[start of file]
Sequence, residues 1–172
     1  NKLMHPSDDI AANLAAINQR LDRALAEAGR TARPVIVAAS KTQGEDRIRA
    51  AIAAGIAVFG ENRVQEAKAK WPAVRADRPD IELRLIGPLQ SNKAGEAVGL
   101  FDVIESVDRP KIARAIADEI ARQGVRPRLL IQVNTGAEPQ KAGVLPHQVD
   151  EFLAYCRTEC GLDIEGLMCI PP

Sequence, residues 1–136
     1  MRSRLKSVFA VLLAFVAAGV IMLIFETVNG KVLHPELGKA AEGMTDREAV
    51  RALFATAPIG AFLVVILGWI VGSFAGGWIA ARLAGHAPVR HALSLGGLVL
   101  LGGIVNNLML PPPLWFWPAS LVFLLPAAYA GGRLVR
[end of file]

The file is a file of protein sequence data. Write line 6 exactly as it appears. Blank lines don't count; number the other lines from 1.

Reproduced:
Sequence, residues 1–136